My sole complaint: this should come in a bigger bottle! I can already anticipate buying this over and over again, and I'm extraordinarily fickle over skincare.

Kahina's star product is a straight-up argan oil, generously sized at 100 ml ($84) or the smaller bottle from the gift set ($65). The quality is superb—cold-pressed, organic, unrefined, very faint on argan's characteristic nutty aroma—elegant and silky, with rapid absorption. Argan is especially high in tocopherols and squalane, with about 45% oleic (omega-9)/35% linoleic (omega-6)/15% palmitic/5% stearic fatty acids, which makes it a more nourishing, fattier oil, still delicate enough in texture for all skin types. To be absolutely honest, there are more impressive oils than argan out there. Rosehip boasts tretinoin, neem is powerfully antiseptic, seabuckthorn nearly bursts at the seams with antioxidants. By contrast, argan seems comparatively mundane, though currently it enjoys enormous cachet. But my skin loves, loves, loves argan oil. Something to do with its fatty-acid composition, a little richer than most. Whatever the reasons, I cannot argue with the glow.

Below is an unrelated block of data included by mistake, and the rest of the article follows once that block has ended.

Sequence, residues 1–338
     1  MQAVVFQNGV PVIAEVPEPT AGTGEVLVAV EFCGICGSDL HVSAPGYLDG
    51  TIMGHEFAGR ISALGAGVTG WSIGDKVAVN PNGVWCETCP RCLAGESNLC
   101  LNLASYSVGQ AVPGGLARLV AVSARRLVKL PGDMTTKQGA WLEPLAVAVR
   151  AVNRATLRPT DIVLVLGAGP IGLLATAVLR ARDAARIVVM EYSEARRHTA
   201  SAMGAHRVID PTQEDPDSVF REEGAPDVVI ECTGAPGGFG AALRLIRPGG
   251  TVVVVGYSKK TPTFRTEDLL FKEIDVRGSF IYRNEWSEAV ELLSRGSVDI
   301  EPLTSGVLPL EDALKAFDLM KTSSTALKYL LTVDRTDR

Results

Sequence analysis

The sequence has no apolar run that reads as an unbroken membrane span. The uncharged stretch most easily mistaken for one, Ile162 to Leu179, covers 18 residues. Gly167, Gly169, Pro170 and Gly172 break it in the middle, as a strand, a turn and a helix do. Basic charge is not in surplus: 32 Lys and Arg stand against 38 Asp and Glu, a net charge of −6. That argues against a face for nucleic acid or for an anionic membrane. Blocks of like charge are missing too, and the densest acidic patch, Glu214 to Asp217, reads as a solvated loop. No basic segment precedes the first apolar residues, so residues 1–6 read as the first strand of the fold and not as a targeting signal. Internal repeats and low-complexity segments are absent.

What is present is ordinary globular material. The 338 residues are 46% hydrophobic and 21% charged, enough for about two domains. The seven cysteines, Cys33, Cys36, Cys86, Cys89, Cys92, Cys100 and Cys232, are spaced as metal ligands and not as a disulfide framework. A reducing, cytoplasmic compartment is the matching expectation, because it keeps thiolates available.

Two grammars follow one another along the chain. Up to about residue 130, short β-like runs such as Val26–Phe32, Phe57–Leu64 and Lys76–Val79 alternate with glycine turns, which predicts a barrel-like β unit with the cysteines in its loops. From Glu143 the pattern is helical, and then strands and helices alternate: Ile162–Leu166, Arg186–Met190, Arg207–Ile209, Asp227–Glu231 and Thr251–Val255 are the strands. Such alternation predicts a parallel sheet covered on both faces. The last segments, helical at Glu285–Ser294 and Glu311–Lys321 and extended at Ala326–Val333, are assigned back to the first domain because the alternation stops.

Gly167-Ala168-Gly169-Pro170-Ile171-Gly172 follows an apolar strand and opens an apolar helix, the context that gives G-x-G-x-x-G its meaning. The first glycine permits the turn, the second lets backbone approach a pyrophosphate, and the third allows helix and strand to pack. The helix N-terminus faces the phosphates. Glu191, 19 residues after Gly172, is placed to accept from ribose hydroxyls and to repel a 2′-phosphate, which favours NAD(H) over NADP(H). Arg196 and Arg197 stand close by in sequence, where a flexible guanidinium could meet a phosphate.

Onto this promising but basic template, Kahina's Serum ($90) enhances argan's properties: lecithin, seabuckthorn, carrot seed, and coffee oils, calming bisabolol (from chamomile), with just enough lavender, chamomile, and neroli to mask any queer odors (seabuckthorn is naturally quite funky), but not overfragranced like too many natural brands.
    argan oil, lecithin, bisabolol, seabuckthorn pulp extract, carrot seed oil, lavender extract, roman chamomile extract, neroli extract, ylang ylang extract, myrrh extract, coffee bean extract